Pensive Tuesdays, read with caution.

sven-wilhelm-359306

Every so often, I am overwhelmed with the insurmountable feeling that I’m wasting my life. I think it’s when I have too much time (not wine), and start researching things like ‘how much plastic is there in the ocean‘ and ‘what will the world be like in 20 years time.’ There seems no easy way to make a difference, we’re just on this downwards spiral to destroying our planet and only Mother Nature can really save us. Depressing thoughts, easily remedied with a large dose of ignorance and a run up a steep hill, there’s nothing like gasping for breath to make you forget your woes. But it’s still there, if a little deeper beneath the surface, a sort of hatred for man kind and our destruction, greed and thirst for power.

Of course veganism seems to be the fashionable answer to saving the world, but I don’t want to live on a farm free planet where fields of methane releasing cattle are replaced by blocks of boring flats and boring people. America is a different story, they wouldn’t have such a problem if they weren’t trying to farm cattle on what is essentially a desert and then there’s the demand for cheap meat, when will people wake up and realise that mankind is the real problem.

And then there’s wine. Glorious, glorious wine. No matter how much space we need for housing, data centres or greenhouses, Bordeaux will always remain Bordeaux and in case you didn’t know green warriors, irrigation is illegal in Bordeaux, vines are basically saving the planet, turn the world into vines.

China too are embracing the wine culture in new spirit. I recently read a fascinating blog by a chap called Alex Xu who has, after many many years of planning, planted his vineyard in just seven days. Alex said on the current wine industry in China:

“My impression is that owners and winemakers have no faith in the Chinese consumer. Instead of striving for a quality driven product, they are afraid of failure, and instead opt to make a wine that won’t offend nor excite. They are imprisoned by the idea that the Chinese consumer can only accept certain tastes or profiles of wine (on which tastes they can’t even agree), and in turn make wine to fit those ideas. To me, that seems a horrible way to create a product, passively taking orders rather than actively trying to challenge, shape tastes and create change. I’m not surprised though — many winery owners in China don’t drink or care for wine at all.”

Aren’t those beautiful words? You can read the whole blog here, the passion and drive is truly a joy to read as well as being ridiculously interesting.

Another thrilling article I’ve read recently was from The National Geographic on the produce industry of Holland, we’re so far behind in this country although I don’t think it’s so necessary here yet, but everyone else could do with catching up. You can read the article here titled This Tiny Country Feeds The World.

What I took from this article is how we’re just not making enough out of the space we’re given. There are business blocks in Holland where they’re literally growing tomatoes and all sorts of other vegetables in a greenhouse on the roof, which purifies water for the fish underneath, that the local restaurateurs then use in their kitchens. No wonder dutch people are so tall and beautiful, they’re not eating crap.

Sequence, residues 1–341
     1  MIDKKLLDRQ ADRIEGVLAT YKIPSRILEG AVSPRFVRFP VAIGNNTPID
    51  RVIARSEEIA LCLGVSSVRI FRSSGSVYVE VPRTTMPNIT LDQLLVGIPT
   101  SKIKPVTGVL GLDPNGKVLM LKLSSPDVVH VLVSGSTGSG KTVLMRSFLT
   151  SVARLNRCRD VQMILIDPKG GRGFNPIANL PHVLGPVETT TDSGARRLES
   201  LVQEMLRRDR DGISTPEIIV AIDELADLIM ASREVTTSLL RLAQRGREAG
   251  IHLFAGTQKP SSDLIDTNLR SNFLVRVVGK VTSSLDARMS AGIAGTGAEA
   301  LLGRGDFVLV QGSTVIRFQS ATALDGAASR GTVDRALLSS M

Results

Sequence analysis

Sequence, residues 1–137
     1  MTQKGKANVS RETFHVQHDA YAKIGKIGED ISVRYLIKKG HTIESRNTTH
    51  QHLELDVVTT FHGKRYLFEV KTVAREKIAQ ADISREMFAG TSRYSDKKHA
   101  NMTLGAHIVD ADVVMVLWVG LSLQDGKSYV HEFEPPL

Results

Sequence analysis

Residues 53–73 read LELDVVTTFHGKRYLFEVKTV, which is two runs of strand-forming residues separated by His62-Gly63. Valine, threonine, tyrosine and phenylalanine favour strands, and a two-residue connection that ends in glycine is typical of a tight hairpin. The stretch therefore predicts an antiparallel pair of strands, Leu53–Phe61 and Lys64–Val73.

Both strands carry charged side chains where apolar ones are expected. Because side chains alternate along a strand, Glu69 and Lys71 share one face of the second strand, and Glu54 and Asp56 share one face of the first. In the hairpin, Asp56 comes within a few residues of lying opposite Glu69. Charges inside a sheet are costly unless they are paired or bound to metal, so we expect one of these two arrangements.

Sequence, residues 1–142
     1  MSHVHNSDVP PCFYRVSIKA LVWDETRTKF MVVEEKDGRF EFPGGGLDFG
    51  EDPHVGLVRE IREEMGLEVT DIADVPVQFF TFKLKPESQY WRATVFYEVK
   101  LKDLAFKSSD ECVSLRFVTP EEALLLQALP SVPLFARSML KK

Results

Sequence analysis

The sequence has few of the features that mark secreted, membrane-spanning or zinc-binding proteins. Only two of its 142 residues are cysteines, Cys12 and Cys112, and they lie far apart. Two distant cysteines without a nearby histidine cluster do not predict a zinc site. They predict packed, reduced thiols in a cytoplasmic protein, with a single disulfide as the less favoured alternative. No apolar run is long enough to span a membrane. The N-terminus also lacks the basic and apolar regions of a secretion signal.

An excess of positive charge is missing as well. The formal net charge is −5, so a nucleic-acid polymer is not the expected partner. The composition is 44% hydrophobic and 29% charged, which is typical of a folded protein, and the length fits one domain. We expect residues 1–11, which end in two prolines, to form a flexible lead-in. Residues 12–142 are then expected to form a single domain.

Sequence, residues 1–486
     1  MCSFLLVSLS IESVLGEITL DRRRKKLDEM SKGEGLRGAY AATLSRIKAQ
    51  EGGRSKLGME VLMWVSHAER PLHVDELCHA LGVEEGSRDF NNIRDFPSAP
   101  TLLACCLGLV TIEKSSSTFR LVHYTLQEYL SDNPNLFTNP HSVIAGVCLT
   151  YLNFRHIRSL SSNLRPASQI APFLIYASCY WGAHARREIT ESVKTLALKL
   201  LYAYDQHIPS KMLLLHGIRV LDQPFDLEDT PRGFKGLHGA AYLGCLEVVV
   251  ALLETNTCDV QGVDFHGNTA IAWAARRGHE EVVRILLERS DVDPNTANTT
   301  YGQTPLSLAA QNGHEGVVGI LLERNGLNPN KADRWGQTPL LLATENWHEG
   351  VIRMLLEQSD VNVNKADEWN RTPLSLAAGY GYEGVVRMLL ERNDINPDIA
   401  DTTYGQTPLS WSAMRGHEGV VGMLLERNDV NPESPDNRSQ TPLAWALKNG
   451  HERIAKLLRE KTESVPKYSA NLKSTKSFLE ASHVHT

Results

So there you have it, my somewhat depressing thoughts on a Tuesday evening. And what am I drinking? It’s a gift from my Spanish housemate George who has since departed, my house, he hasn’t died. Curiously, there is another bottle IN THE FRIDGE, the bloody fridge, the first red wine I have ever met in a fridge, I certainly didn’t leave it in there.

Vina Albali Gran Seleccion Tempranillo DO Valdepenas

You can buy a whole case of this wine on Amazon for a mere £27.00 and it’s on prime so it will arrive the next day, splendid. If you hadn’t guessed it’s Spanish, it is a nice solid 13.5% and says it’s been aged for 3 months in American oak barrels.

It’s a great wine to have to hand, it’s exceedingly well-balanced, fruity and has a good grip. The price alongside the pleasing taste means you can get it out, guilt free, any day of the week. Cheers to Tuesday…

Thank you to Unsplash for the free photo!

 

6 thoughts on “Pensive Tuesdays, read with caution.

  1. Thank you for the kind words, and for sharing my post. 100% agree, if there’s anything that might save our world, wine is probably our best bet. Beyond a scarce amount of water in the first two years to make sure the young vines don’t die, I plan on totally dry farming as well.

    Liked by 1 person

  2. Thank you for the kind words, and for sharing my post. 100% agree, if there’s anything that might save our world, wine is probably our best bet. Beyond a scarce amount of water in the first two years to make sure the young vines don’t die, I plan on totally dry farming as well.

    Like

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